Subject: Re: [boost] [review] Review of Outcome v2 (Fri-19-Jan to Sun-28-Jan, 2018)
From: Rob Stewart (rstewart_at_[hidden])
Date: 2018-02-08 09:52:07
On February 6, 2018 4:15:14 AM EST, Niall Douglas via Boost <boost_at_[hidden]> wrote:
> >> When I compile with clang, with -Wall -Wextra -Werror, I get an
> >> saying, "unused variable 'r'". See online examle:
> >> https://wandbox.org/permlink/WE7dK6r5XCIxJ83f
> > IOW, one must use certain tools and options to get the protection.
> If you're not using clang-tidy in your project, then you ought to
> I've managed to raise it on an ancient VS2008 codebase. It
> surprisingly works.
While that may be true, the library can't be designed with only that tool in mind to find problems in code.
> > I think the library could, at least, assert in debug builds when a
> result or outcome is not inspected.
> What does "not inspected" mean?
Creating a variable and then doing nothing more with it.
> In C and C++, historically when the programmer wishes to signal that
> they are intentionally throwing away a result, they write:
> extern result<int> foo();
> // I don't care if this succeeds or fails
> (void) foo();
> So okay, perhaps people should do that. But this is something people
> definitely do:
> result<int> r = foo();
> x = r.value();
> So now we need to make the explicit boolean operator become non-const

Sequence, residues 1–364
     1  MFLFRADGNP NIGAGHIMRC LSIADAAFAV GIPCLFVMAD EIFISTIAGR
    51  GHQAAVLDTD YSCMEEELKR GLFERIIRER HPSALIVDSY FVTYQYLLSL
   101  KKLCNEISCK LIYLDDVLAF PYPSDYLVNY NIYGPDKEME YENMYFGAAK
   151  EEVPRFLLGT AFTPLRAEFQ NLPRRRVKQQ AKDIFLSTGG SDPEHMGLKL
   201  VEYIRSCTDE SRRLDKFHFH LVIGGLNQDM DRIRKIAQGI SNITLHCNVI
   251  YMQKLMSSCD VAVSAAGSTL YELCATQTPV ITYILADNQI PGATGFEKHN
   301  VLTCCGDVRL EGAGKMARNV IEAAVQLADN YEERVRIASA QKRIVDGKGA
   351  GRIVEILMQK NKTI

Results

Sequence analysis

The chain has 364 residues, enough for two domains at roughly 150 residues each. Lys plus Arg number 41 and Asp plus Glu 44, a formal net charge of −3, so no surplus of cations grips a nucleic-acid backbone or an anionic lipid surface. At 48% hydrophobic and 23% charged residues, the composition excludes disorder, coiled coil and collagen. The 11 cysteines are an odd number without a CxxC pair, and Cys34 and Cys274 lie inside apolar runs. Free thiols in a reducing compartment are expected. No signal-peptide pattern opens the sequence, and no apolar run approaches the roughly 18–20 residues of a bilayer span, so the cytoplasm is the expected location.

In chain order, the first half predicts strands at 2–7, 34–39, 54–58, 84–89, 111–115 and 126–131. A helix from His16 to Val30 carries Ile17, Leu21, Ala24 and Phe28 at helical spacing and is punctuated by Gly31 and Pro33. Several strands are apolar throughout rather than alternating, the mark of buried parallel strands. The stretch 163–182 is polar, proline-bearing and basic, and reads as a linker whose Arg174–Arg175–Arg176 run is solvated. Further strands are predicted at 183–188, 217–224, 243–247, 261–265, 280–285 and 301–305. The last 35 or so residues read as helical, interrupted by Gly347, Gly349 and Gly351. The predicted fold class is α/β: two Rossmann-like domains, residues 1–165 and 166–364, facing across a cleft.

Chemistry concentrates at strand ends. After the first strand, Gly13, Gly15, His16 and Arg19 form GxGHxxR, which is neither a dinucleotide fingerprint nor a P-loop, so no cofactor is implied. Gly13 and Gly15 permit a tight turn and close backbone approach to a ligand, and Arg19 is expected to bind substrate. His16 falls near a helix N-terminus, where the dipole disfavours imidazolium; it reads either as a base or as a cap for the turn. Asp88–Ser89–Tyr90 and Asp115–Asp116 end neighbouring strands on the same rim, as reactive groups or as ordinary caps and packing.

> order to get it to set an internal flag so that the destructor can
> trip an assert on uninspected destruction.
The flag can be mutable.
> Now, I don't mind doing this, indeed I've left a free status bit for
> this sort of thing in the future. But are:
> - Non-const boolean operator
> - Non-const .has_value(), .has_error() etc
> - Non-const .value(), .error() etc observers
> ... a price worth paying for asserting an uninspected result, and this
> includes breaking the cast-to-void idiom?
The library should do what it can to ensure proper error handling. After all, one of the benefits of exceptions is that you cannot ignore them, so this library should strive for the same.
> One could of course const cast off any const-ness, and flip the
> inspected bit on any form of inspection. But I personally think there
> a much better way that what you propose Rob, and that's to use the
> construction hooks to log the construction of result/outcome in debug
> This is what I do in my own code. See
> This lets one detect, much more easily and without breaking behaviour
> semantics, unintentionally uninspected outcome/result.
How does that help since there are no hooks for when value(), error(), etc. are called?
-- Rob (Sent from my portable computation device.)
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